101.7 FM IN GENEVA DAB+, CABLE & SATELLITE ACROSS SWITZERLAND
The entrance to the Grimsel Test Site is 1,700 meters above sea level and testing goes on 400 meters deep within the mountain. The site is a tunnel or a lot of tunnels big enough for workers to drive their cars in.
Inside it is very tunnel-like: cavernous, damp, musty-smelling, 13 degrees all year and of course echoey.
INGO BLECHSCHMIDT TO HEINZ SAGER (in German)
That’s Ingo Blechschmidt, manager of the site, yelling to Heinz Sager, communications director.
The tunnel is nearly a kilometer long, and as you go from end to end, you see about a dozen ongoing experiments.
Most of them deal with the environment around radioactive material: like how gas from the material is release or how certain substances act like sealants to radioactive casings when water is added.
BLECHSCHMIDT: Yeah, you can test equipment which you would like to use in a real repository at a later stage and these sites are used to understand processes to test concepts and to test emplacement concepts. So it is a playground and you cannot do anything wrong.
Basically the site provides the closest thing to a real-life nuclear repository without actually being a nuclear repository.
And even though the site doesn’t store large amounts of radioactive material here, the idea of storing nuclear material anywhere is controversial. And this site does help other countries do that.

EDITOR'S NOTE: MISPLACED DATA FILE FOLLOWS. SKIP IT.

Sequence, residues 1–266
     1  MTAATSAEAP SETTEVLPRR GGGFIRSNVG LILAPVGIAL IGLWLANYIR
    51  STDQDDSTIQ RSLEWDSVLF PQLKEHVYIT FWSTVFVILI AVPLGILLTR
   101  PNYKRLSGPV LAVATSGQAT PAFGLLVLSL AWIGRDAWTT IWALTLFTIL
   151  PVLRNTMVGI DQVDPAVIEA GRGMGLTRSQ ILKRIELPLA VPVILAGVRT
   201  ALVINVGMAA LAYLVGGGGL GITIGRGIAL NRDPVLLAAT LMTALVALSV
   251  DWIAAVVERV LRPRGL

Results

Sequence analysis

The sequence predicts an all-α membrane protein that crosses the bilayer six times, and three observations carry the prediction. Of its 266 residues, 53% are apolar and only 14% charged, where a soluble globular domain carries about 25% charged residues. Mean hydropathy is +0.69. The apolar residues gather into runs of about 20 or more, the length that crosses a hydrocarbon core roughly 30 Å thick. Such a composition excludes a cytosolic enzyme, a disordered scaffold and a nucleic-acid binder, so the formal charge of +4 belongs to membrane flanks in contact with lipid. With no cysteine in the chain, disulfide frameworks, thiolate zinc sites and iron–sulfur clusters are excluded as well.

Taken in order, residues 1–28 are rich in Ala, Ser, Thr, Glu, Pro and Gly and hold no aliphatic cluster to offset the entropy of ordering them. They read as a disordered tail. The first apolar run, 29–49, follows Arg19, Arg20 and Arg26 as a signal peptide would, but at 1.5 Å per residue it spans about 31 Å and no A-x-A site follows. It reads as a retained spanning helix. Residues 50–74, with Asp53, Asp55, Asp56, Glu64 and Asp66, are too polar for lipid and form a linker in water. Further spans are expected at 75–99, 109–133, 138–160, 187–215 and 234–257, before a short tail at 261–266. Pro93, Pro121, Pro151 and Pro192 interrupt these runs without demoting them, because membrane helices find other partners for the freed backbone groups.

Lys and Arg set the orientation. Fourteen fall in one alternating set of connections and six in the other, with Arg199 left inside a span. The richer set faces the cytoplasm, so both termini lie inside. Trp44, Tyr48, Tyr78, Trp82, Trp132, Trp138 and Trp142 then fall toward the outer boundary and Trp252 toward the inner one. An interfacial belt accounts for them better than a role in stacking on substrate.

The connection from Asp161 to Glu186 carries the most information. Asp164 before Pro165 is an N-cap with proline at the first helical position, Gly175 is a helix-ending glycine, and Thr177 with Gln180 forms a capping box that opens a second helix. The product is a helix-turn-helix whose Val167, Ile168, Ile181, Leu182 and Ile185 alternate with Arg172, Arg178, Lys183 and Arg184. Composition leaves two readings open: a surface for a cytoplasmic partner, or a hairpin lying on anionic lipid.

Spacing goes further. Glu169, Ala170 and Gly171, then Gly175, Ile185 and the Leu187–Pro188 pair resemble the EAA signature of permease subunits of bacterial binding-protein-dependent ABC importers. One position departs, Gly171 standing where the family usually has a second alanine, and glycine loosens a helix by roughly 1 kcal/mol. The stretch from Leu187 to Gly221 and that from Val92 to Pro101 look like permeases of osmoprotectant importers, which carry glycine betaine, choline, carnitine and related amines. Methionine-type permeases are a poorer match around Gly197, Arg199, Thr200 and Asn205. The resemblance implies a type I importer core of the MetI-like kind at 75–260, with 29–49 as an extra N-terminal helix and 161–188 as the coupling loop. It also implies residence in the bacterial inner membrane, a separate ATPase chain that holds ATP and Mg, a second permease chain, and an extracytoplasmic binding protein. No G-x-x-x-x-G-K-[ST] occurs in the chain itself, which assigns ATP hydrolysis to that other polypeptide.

HELMICK: What’s your take on putting radioactive material in the environment around you?
“So it is a playground and you can not do anything wrong.”
BLECHSCHMIDT: Maybe you should come up with a different question. You should ask, “What to do else with the material?” And I think that the disposal of radioactive waste in the geological repositories, as we call it, that is the best concept we have.
Since tests have to be as close to the real thing as possible, there is radioactive material here.
BLECHSCHMIDT: So as I’ve said this is a radio protection controlled zone. So we will act as a group that means we have to stay close to each other. Don’t touch anything. Don’t eat and drink.
HELMICK: What is this you are doing now?
BLECHSCHMIDT: I will take this dosing meter.
HELMICK: So if for some reason the radioactive material (was exposed) it would start clicking or beeping?
BLECHSCHMIDT: No, it will be proved later. Once a month.
HELMICK: So we won’t know right now? We won’t know, like now?
BLECHSCHMIDT: No, you can’t see anything and, as I said, there is no risk at the moment.
This controlled study is an international one with about ten country partners. It uses what is called a radioactive tracer. Blechschmidt says there is more radioactivity coming from the granite tunnel than from the tracer.
But he says the tracer will provide insight into how large amounts of radioactive material will react in the experiment if or when countries develop repositories of their own.
Many countries are taking another look at nuclear power, especially as other energy costs continue to spike. But it’s not without controversy, as many people don’t want such material in their own backyard. In the meantime, the Swiss test site tucked away high in the Alps will continue to test new innovative ways for storing radioactive waste.
Alex Helmick, World Radio Switzerland at the Grimsel Test Site.